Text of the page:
There are at least three audiences to address here: inward commuters from outside the city; people coming from outside and from the suburbs to the city centre for shopping, leisure and eating (and don’t all those new processed food eateries in “Queen Street Dining” make you want to ….?); and people moving around inside the urban area.  Hopefully the Commute Exeter study being led by the University of Exeter [4] will generate some useful data on commuting to inform judgements on the scale of the measures required.  But some simple steps would send out important signals as well as have an immediate impact.  For example:

  • Block off more streets, particularly residential ones, to through traffic. Apart from cutting down rat-running, limiting cars to residents’ own vehicles will give priority to pedestrians and cyclists, and lead to an immediate improvement in the local quality of life and of the environment.  Cost: capital works and signage.
  • Reduce the width of main roads available to cars, by installing a mix of bus lanes, wide cycleways and broader pavements (the last being increasingly necessary to cope with personal mobility aids). Cost: capital works.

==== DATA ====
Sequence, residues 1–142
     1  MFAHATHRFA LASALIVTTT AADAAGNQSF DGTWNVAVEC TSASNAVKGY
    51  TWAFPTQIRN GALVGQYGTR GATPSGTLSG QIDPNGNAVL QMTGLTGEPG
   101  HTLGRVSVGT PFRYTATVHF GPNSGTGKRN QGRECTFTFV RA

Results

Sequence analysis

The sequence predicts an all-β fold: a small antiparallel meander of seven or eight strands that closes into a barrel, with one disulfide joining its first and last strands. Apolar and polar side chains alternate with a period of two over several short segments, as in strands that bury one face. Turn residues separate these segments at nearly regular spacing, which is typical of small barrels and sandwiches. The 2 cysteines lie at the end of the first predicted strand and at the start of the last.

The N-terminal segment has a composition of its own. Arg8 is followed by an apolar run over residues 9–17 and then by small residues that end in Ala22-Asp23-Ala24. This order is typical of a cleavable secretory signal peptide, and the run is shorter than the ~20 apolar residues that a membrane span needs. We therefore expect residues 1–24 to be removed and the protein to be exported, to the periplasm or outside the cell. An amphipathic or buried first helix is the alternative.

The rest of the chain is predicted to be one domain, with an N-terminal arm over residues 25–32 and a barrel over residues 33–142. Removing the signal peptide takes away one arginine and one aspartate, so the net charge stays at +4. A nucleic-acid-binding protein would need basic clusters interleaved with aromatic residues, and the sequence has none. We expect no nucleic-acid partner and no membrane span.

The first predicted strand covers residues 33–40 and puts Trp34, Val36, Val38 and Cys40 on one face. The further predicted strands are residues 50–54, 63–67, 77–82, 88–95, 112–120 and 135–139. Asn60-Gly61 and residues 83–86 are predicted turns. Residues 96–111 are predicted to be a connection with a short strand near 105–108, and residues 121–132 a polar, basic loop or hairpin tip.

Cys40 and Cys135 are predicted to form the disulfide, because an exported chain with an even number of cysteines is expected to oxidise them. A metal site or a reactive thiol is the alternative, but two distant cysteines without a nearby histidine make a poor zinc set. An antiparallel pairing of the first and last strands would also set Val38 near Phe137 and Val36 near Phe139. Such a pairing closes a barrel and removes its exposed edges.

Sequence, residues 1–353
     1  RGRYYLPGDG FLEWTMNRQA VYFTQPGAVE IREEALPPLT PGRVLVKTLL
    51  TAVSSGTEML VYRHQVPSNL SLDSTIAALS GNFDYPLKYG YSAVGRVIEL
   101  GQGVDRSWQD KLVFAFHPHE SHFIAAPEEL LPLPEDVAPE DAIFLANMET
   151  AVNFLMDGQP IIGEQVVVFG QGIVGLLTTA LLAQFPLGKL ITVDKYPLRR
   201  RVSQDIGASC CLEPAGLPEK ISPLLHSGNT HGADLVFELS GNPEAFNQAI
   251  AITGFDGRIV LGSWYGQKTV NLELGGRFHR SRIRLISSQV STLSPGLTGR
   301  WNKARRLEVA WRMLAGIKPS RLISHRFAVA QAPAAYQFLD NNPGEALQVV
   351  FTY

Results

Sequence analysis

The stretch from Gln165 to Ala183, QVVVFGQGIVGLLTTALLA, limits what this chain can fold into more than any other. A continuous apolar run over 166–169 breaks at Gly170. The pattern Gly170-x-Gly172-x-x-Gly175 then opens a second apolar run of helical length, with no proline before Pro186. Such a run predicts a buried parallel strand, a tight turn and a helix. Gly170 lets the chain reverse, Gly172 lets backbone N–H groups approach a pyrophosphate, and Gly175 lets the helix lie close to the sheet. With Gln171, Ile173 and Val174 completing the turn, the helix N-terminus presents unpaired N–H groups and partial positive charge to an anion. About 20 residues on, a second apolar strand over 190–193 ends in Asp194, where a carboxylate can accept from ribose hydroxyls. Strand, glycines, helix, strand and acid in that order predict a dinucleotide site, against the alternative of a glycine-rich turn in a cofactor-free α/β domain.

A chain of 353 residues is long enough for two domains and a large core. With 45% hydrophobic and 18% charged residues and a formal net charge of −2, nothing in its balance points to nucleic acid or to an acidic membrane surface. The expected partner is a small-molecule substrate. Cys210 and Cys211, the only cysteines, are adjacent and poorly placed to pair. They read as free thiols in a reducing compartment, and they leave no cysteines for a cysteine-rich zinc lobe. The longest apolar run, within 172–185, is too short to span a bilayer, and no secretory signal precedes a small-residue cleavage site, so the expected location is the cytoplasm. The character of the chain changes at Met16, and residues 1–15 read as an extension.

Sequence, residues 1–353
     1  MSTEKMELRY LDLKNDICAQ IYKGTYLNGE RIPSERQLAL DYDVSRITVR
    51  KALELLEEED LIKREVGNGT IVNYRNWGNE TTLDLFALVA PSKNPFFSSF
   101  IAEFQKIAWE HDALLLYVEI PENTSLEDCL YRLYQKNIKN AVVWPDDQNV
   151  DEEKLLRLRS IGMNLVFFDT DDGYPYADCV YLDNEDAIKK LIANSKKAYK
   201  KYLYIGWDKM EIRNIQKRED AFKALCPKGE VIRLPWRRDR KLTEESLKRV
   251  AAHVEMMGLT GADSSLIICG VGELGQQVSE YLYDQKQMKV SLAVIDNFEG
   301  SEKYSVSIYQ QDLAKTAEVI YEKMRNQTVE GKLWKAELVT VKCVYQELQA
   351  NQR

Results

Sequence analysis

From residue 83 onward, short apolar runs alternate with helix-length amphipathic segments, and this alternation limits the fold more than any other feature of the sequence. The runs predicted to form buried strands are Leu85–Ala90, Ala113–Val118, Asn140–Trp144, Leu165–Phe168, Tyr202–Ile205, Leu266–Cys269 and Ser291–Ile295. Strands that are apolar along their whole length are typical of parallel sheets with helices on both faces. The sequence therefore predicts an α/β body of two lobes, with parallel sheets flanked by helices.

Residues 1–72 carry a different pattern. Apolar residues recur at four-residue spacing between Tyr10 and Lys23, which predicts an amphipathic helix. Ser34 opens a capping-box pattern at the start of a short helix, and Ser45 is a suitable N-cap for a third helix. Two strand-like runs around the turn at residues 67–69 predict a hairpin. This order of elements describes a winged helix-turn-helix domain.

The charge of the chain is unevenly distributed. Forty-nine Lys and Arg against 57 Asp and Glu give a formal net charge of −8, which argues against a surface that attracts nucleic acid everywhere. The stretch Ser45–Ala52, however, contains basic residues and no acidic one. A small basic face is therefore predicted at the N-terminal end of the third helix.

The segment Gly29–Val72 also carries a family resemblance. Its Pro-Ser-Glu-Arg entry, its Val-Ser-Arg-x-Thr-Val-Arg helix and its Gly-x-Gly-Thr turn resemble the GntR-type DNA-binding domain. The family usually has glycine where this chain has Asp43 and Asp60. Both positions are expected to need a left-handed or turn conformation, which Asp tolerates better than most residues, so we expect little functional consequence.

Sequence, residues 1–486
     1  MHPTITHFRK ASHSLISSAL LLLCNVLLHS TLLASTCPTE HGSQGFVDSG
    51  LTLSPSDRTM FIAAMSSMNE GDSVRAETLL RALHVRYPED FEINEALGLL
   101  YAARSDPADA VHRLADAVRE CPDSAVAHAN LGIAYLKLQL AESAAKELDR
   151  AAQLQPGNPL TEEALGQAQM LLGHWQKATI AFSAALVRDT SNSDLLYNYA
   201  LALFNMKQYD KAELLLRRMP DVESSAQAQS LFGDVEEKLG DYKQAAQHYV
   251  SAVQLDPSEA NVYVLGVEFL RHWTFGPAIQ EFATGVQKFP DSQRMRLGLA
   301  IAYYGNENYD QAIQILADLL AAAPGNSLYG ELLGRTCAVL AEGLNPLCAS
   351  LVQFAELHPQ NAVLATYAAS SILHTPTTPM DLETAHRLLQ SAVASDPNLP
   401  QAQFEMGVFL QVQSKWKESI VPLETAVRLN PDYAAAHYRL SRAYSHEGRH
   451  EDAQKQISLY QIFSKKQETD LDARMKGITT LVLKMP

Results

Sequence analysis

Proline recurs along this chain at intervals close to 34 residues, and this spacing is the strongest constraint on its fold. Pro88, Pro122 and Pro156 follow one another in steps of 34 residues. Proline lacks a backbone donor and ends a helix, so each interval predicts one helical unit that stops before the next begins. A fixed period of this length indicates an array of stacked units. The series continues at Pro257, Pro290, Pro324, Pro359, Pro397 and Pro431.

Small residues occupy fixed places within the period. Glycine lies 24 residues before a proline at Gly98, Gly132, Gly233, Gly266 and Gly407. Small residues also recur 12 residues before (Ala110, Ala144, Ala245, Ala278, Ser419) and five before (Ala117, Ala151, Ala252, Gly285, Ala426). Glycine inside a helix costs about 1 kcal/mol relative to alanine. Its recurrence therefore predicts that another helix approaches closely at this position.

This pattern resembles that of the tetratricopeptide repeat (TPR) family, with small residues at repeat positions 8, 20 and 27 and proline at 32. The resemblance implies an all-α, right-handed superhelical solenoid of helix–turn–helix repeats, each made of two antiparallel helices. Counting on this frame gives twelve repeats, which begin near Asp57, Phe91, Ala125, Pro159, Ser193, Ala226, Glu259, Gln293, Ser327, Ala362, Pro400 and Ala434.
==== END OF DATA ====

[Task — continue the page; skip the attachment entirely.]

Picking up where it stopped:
• Cut the number of car-parking spaces in the central area (and ensure that residents’ parking schemes in the surrounding areas are enforced to prevent displacement of car parking). The brutalist multi-stories could be demolished and converted into much-needed affordable housing or green space, as could the open-space car parks. Think of the transformation in the Paul Street/North Street/Mary Arches area!  Cost: self-financing
  • Increase car parking charges for the remaining car park spaces, but with a discount or free pass for cars operated by car clubs. Cost: nil.
  • Use available powers to introduce workplace parking levies, not just in the city centre, but beyond, with the revenue going to support transport improvements, including a “Boris bike” cycle hire scheme for Exeter [5]. A workplace levy scheme is already in operation in Nottingham, with one planned for Cambridge [6]. Cost: administration, to be financed from the scheme.
  • Enforce existing traffic restrictions, with exemplary fines: drivers are increasingly ignoring exclusions of vehicles from particular streets which were put in place to stop rat-running through the central area. Cost: additional enforcement staff, to be paid for from fines.
  • Change traffic light priorities so that cars are held up while buses are given priority. Cost: minimal

Key benefits of making life difficult for the private car are a reduction in pollution and congestion and an improvement in the quality of the public realm.  But it also takes us further down the path of reclaiming the streets for people, whether as walkers, cyclists or using personal mobility aids.

Third, improve the bus transport offer